Yes, my other car, the one I don't drive a lot, is an antique. I've had these pictures almost since we bought it in 2001, and never got around to putting them up on the web. Well, here they are!
Chrysler's 1957 cars were exuberant fantasies. They were the first cars to have huge tailfins. When they appeared, so they say, General Motors' design team literally threw away their plans for the 1959 cars and started over. The Chrysler cars were designed by a genius named Virgil Exner (his friends called him "Ex"), who said he was inspired by speedboat designs and by science fiction pictures of rocket ships. He said that his goal with these designs was to make cars that looked like they are moving even when they are standing still. He succeeded! There are a people around who loathe these cars for their flamboyant individualism, their naked assertion of human power, their extravagance, their seeming refusal to be safe and sensible. I love them for all the same reasons.
I've heard the front of this model described as "intimidating." Hm. Well, it does have a stylized eagle -- a bird of prey-- in the middle of the hood. The grill looks like a row of gleaming teeth. It seems to be saying "I eat Volkswagens for lunch." Yeah, I guess "intimidating" is a fair enough description. That's not what I love about it, but I have to admit, that's what it is.
The strips of chrome over the headlights are called the "eyebrows." People have a tendency to anthropomorphize cars. Or maybe they are designed to be anthropomorphic.
They say that the 1957 Chrysler cars were the first in the world to have curved side windows. Evidently, "Ex" wanted curved doors, and realized that if the doors are curved, then the windows that slide in and out of them can be curved as well. It's part of the extremely sleek look he was after. Though the car is very long -- nineteen and a half feet! -- it is also very low. The top of the car is well below shoulder level for me. (My Jeep Wrangler is half as long and almost a food taller!) The effect Ex achieved is striking.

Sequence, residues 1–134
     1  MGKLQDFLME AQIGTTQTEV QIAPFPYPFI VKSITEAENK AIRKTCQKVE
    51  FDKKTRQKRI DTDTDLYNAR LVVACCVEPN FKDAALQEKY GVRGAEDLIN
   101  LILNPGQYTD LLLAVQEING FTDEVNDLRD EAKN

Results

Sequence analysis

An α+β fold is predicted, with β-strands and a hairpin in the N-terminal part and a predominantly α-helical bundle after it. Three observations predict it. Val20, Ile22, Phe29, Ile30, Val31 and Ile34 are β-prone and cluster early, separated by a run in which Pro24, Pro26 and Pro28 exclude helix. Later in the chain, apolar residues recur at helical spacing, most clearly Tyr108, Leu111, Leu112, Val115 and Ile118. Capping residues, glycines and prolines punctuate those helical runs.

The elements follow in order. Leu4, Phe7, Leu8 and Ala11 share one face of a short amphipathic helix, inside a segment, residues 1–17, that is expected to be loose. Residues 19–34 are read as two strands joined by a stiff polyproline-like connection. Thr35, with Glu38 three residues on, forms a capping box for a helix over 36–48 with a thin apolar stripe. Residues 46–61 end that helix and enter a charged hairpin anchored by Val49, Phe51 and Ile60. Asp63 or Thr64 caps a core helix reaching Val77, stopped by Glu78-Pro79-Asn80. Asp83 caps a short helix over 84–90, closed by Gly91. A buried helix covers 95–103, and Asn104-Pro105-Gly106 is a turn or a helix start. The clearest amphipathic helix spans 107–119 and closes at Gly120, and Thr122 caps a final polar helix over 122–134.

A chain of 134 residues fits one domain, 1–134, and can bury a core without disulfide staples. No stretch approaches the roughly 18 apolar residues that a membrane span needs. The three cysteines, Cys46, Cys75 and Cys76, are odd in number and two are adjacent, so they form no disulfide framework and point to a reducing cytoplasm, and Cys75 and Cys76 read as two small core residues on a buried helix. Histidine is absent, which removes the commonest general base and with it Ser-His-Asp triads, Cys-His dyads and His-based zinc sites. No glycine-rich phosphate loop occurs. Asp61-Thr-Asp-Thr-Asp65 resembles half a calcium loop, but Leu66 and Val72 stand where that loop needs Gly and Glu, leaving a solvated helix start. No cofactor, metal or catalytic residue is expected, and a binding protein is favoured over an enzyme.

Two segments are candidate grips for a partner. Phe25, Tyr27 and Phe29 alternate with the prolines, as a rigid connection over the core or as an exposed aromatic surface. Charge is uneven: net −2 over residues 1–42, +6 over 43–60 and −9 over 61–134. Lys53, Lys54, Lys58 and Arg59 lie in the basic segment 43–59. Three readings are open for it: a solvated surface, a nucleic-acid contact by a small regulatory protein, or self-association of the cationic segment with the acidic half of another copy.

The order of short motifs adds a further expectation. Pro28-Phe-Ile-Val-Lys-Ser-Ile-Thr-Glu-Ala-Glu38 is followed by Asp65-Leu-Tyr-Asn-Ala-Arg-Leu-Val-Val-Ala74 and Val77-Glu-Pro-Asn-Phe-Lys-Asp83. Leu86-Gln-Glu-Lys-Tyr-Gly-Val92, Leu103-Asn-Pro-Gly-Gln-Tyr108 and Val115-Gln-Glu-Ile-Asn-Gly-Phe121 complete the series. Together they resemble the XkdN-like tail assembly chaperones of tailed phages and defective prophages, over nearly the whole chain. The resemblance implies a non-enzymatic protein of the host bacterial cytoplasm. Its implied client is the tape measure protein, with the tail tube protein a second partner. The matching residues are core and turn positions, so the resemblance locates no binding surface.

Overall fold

Think of driving a great white shark.
A driver's-eye-view. The gauges are set in deep wells rimmed with gleaming steel. It somehow gives the thing a futuristic rocket-ship sort of look. This is a two tone car: white, and something Chrysler called "Indian Turquoise". The interior is dominated by the blue color. The windshield is lightly tinted blue, so driving it you feel as if it's just a blue world out there -- the whole cosmos. It's an experience of blueness.
The "doughnut" on the lid of the trunk contains -- absolutely nothing. The spare tire is in a completely different area of the trunk. It's there for looks. Frank Lloyd Wright would have a cow.
The famous "gunsight" taillights. I always thought they looked more like jets of flame shooting out the back of a rocket. The chrome halos are like those glare circles that show up in photographs of bright lights.
The original owner of this car was a Wisconsin farmer. He never married, and lived and farmed with his sister. She hated going to church in his pickup truck, so he went to Gillespie Bloomer Motors (now Don Miller Chrysler-Plymouth) in Madison and brought home an Imperial. There was something about it she didn't like, so he took it back to the dealer, and brought this one home. This one, she liked. For many, many years, they drove it to church, and nowhere else. And they would not even take it to church if it was snowing, and usually not if it was raining. Church and God are important, sure enough, but -- this is an Imperial after all! ... I respect that. This was a guy with a clear sense of values.